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The Impact of a 4-Day Workweek

  • 30th Jul'22

In today's world, many people are debating why they should work five days a week when they can achieve the same results in fewer days.

Do four-day workweeks make a difference? The answer is Yes, it makes a lot of positive outcomes!

The Japanese government has suggested adopting a four-day workweek as national policy after observing how many businesses around the world successfully managed it for a year or more. It's not a new thing, but it seems to have gained more attention since the COVID-19 pandemic led to a comprehensive review of how we work, including a great migration to work from home and the implementation of hybrid offices.


What Is a 4-Day Workweek?

The ideal four-day workweek is a 32-hour workweek with no reduction in output, compensation, or perks. Everyone may work Monday to Thursday and get Fridays off, depending on the business and the industry. Having a different third day off every week, such as on Monday or Wednesday, or enabling each employee to select their own extra day off are other options.


Where Did Working Less Start?

It's not new to think about doing more work in less time to obtain more time off. We can all appreciate Ford Motor Company (as well as the Industrial Revolution) for the shift to a five-day workweek from a six-day one. In July 1926, it was an experiment at several companies; by September of the same year, it was company policy.


The myth of the 4-Day Workweek

You may have read that Iceland has implemented a four-day workweek successfully. In an article for The Conversation, a nonprofit, independent media organization, associate professor at the University of Technology Sydney's business school Anthony Zeal debunks this myth. The Conversation's writers are academics and researchers with experience in the topics they write about.

Zeal claims that the results of research conducted in June 2021, in which 2,500 government employees in 66 Icelandic enterprises explored switching from a 40-hour workweek to a 35- or 36-hour workweek, were misreported by major media agencies. 

The majority of workplaces ultimately reduced their hours by just one to three per week while still being able to maintain productivity and service standards. In the commercial and public sectors, respectively, the experiment did lead to a national decrease in hours worked, although only by 35 minutes and 65 minutes.


Success with the 4-Day Workweek

A four-day workweek was tried out in 2017 by Wildbit, a small software business established in Philadelphia in 2000, and it became standard practice. The company's success with this policy is due to its emphasis on outcomes rather than volume and on focused, meaningful work rather than hours logged. The business prioritizes remote work and offers location-neutral compensation.


Advantages of a 4-Day Workweek for the business


Minimizes Labor and Other Expenses

By switching to a four-day workweek, you can lower expenditures from a financial standpoint. Businesses can instantly cut back on a portion of variable overhead costs like power and energy use.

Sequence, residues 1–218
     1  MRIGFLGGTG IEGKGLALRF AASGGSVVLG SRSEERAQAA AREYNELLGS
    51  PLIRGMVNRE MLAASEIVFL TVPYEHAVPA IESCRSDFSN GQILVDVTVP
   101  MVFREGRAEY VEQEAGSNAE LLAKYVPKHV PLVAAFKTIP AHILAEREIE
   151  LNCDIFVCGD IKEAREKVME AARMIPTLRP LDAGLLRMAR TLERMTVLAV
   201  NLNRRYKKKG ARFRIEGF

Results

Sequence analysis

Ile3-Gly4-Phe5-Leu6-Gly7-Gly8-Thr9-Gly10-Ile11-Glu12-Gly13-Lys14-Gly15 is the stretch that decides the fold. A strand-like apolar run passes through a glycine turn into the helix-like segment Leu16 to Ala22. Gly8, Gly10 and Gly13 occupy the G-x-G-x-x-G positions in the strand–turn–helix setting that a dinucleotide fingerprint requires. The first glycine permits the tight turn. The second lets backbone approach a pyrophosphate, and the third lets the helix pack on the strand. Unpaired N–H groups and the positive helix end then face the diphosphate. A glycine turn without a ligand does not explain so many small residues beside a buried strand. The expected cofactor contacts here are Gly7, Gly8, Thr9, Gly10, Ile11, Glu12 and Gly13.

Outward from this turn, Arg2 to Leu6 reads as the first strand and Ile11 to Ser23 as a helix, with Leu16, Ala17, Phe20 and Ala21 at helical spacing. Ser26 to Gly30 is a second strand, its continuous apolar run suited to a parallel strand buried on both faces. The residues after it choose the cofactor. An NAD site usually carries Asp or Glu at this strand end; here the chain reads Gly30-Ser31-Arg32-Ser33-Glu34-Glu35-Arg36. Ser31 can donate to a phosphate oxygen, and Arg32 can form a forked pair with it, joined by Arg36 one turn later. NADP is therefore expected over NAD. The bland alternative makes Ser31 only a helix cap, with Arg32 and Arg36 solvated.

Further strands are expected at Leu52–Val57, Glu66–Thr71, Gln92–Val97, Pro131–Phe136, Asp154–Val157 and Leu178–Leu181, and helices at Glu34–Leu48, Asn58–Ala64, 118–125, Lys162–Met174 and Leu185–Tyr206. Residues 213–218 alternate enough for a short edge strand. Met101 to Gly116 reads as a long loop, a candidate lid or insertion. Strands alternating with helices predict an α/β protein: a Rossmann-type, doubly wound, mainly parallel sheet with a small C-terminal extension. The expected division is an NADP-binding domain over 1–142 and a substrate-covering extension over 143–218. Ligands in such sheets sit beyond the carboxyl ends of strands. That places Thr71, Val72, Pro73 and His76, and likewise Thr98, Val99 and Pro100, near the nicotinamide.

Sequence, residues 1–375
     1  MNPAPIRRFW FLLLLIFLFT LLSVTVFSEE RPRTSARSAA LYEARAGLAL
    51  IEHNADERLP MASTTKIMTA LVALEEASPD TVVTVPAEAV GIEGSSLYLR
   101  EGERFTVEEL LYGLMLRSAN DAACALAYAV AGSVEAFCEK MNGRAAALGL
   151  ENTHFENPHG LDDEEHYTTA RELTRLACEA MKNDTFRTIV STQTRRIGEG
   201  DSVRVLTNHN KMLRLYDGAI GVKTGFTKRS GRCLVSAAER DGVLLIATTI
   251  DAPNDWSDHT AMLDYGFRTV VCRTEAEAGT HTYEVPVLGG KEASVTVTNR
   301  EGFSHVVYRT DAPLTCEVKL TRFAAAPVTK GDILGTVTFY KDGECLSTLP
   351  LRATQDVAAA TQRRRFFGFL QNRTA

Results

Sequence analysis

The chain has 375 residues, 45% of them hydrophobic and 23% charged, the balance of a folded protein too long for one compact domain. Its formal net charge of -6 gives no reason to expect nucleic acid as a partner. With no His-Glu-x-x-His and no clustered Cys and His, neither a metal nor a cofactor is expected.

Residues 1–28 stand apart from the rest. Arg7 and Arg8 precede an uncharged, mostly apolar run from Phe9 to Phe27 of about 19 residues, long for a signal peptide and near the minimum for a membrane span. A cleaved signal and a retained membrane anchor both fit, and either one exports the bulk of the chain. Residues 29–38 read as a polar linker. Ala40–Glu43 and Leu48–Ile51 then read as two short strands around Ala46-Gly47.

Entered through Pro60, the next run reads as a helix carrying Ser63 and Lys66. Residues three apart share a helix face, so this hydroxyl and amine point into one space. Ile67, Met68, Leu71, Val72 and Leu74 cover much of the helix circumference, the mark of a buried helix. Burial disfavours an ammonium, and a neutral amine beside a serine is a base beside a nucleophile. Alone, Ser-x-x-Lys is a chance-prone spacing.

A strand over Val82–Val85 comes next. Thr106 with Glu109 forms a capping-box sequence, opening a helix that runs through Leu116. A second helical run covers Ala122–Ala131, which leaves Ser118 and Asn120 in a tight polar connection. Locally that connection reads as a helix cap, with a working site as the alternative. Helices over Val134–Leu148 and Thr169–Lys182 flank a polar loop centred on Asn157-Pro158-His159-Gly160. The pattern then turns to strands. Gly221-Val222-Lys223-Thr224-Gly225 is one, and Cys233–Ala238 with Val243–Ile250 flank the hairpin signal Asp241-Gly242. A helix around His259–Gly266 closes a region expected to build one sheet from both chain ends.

For instance, during the Microsoft Japan trial, electricity prices decreased by 23%. Additionally, staff consumes fewer office supplies, and machinery like printers and copiers last longer. Less frequent maintenance services also result from fewer workdays.


Assists in Retaining and Attracting Talent

In addition, a recent Gallup Report projected that the U.S. economy suffers a $30.5 billion annual loss due to Millennial turnover. Work-life balance is a top priority for Millennials when weighing their career possibilities, according to the same survey.

And research from the University of Reading gives credibility to this hypothesis. According to that study, 63 % of UK companies claimed that a four-day workweek helped them recruit and keep talent.


Improves the Efficiency and Wellbeing of Employees

Microsoft Japan experimented with shortening the workweek by one day in 2019, and as a result, productivity increased by 40%. In addition, Andrew Barnes, the creator of the New Zealand business Perpetual Garden, conducted an identical experiment. In the end, his workers were more content and effective. They aren't working harder; rather, they are working smarter.

Icelandic researchers also discovered that a four-day workweek without a salary drop increased employees' productivity and well-being. Researchers followed 2,500 workers who cut their workweeks to 35 to 36 hours for four years.

Workers' well-being "dramatically rose across a range of measures, from perceived stress and burnout to health and work-life balance," they found. Employees and employers productivity, meanwhile, was either unchanged or increased.


The Bottom Line

With a shorter workweek, many businesses and employees have found success and benefited from factors like higher productivity and more time to pursue hobbies and personal objectives. A four-day timetable does not, however, apply to all markets, organizations, or people. 

The COVID-19 pandemic's demand for a global revaluation of labor has generated interest in the four-day workweek concept. To make it the best option, however, will require a cultural and mental shift that vastly simplifies work life integration.


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